In analyzing the aural tone of recorded phone interactions, call-center QA systems appear to merely pick up from where earlier systems left off. IBM’s Watson Tone Analyzer, for instance, promises to detect “joy, fear, sadness, anger, analytical, confident and tentative tones” in transcribed text of customer service calls to assess customers’ experience. But vocal-tone-analysis systems claim to move beyond words to the emotional quality of the customer-agent interaction itself.
It has long been a management goal to rationalize and exploit this relationship, and extract a kind of affective surplus. In The Managed Heart, sociologist Arlie Hochschild described this quest as “the commercialization of human feeling,” documenting how “emotional labor” is demanded from employees and the toll that demand takes on them. Sometimes also referred to as the “smile economy,” this quintessentially American demand for unwavering friendliness, deference, and self-imposed tone regulation from workers is rooted in an almost religious conviction that positive experiences are a customer’s inalienable right. But as Hochschild and others have shown, the positivity mandate correlates with negative health outcomes for workers; it, for instance, may contribute to increased alcohol consumption. Not coincidentally, call centers have notoriously high turnover rates, and employee testimonials describe frequent sudden terminations.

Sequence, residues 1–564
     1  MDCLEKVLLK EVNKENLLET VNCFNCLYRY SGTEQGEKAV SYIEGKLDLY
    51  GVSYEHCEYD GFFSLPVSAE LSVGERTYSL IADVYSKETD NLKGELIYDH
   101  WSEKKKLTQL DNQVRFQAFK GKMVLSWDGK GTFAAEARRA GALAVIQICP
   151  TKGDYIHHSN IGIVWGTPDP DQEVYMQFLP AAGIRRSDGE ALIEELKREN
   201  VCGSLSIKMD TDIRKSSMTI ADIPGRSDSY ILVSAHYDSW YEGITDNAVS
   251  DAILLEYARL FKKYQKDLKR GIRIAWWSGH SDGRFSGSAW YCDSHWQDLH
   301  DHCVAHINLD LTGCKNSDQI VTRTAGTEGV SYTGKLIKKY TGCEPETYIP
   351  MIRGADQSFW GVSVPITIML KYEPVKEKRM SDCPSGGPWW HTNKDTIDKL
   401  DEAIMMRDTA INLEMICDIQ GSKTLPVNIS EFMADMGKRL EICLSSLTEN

Systems like Cogito and CallFinder describe themselves as “assistive technologies” that provide real-time information to make such emotional labor more efficient. In practice, they extend its domain while deskilling it and making it more inescapable. Vocal tone analysis holds employees accountable for aspects of customer service that may be beyond their direct conscious control. Because they can’t be sure how the monitoring system will interpret their behavior in advance, employees are reduced to reshaping it on the fly in response to the algorithm’s feedback: No promotion until your positivity quota is met! Didn’t you see all those coffee-cup and frowny-face emojis?